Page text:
University of Wisconsin-Madison's Vet School Celebrates 25 Years

Twenty-five years after it was established in 1983, the School of Veterinary Medicine is still the youngest school on the University of Wisconsin-Madison campus. And it is the second-youngest veterinary medical school in the nation.

But don't let its youth fool you. Wisconsin's veterinary medical school has accomplished a lot in a short amount of time.

From ground-breaking research discoveries to innovative methods of teaching to state-of-the-art treatments and caring services for hospital clientele, its faculty have excelled. And they continue to break new ground, despite the challenges of limited space.

"Our success has been driven by the passion, intellect, and work ethic of our faculty, staff, and students," says Dr. Daryl Buss, dean of the school. "From success in competing for research grants to commitment to extraordinary teaching and patient care, they've made our school remarkable."

One of only 28 veterinary medical schools in the U.S., Wisconsin confers approximately 80 Doctor of Veterinary Medicine degrees annually. Graduates receive a broad education that encompasses both large and small animals. It isn't until after they graduate that they can choose to specialize.

Annually, more than 20,000 cases are referred to the school's hospital. They originate not just from Madiso, but from all over the state and even surrounding states. Board-certified specialists in 18 different specialties handle cases ranging from cancer to neurologic problems to orthopedics in both large and small animals.

At the same time, the school's faculty continue to work on a wide variety of projects that embody the "one medicine" concept, meaning that work done on animals often also benefits humans, and vice versa. For example, they've:

  • Improved organ storage solution so transplant organs can be kept alive longer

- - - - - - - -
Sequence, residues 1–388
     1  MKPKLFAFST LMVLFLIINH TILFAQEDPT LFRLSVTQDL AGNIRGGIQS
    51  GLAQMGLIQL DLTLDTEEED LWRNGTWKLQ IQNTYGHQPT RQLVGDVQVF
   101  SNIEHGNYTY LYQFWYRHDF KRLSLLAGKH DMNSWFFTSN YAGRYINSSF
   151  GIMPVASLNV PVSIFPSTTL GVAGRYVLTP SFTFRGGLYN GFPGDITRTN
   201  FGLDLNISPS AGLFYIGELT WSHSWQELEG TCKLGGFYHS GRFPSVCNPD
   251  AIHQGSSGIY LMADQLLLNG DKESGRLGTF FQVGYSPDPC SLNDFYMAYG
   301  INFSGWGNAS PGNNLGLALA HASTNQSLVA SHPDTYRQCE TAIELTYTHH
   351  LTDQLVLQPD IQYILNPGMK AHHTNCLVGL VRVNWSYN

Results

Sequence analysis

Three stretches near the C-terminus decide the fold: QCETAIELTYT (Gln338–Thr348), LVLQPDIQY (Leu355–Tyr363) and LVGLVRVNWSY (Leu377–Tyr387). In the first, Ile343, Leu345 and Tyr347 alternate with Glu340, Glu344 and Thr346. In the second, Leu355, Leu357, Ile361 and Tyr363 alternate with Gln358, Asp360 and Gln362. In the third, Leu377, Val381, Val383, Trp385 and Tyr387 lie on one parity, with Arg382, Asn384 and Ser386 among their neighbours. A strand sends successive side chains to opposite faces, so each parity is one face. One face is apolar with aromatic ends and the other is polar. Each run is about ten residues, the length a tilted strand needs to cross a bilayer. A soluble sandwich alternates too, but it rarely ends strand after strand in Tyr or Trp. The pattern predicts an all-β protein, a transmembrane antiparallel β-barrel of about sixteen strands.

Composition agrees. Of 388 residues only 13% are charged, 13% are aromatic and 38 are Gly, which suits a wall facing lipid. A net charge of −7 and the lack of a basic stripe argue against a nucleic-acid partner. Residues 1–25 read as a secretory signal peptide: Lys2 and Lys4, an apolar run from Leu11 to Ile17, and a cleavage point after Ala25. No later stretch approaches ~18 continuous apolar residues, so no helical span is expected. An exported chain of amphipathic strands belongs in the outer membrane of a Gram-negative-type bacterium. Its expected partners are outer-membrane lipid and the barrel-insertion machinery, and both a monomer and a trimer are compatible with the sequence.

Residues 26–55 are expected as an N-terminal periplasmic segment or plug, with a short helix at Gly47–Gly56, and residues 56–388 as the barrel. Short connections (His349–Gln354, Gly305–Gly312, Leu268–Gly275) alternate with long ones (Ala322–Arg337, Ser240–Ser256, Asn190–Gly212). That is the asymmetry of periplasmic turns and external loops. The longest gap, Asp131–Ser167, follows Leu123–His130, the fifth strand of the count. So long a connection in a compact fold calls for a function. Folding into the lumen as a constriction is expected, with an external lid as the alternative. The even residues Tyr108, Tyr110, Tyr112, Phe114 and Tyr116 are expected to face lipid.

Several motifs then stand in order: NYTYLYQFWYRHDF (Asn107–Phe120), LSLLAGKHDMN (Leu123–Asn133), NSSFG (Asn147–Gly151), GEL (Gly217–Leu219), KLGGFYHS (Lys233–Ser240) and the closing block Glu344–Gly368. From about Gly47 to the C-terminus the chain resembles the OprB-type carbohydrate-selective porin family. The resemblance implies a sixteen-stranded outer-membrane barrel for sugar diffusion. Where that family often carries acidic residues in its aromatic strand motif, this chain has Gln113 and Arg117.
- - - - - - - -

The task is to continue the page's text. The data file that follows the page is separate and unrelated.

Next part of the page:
• Developed new total joint replacement surgery techniques that enhance long-term success
  • Researched vaccines, leading to revision of national pet vaccination standards (avoiding over-vaccination of pets)

Ongoing work addresses:

  • infectious disease (including infectious pathogens such as prions, viruses, bacteria, and multicellular parasites, e.g. malaria)
  • cancer
  • spinal cord injury and restoration of breathing
  • ophthalmology
  • food safety (emphasizing "on farm" food safety to ensure protection from foodborne infections)

During the school's brief tenure on campus, health care for animals has improved significantly. In addition to acquiring new diagnostic modalities (including a CT unit, MRI, and soon, TomoTherapy), the school continually develops and implements improved treatment methods.

In grateful thanks for the many generous donors who have supported the school throughout the years and in celebration of its anniversary, the school will dedicate its Walk of Honor entryway to the teaching hospital on Thursday, Sept. 11, 2008, at 2 p.m. The dedication event includes the unveiling of a new sculpture commissioned from Alexa King, the same local artist that was chosen to create the Barbaro memorial sculpture that will be placed at the famed racehorse's burial site at Churchill Downs in Kentucky.

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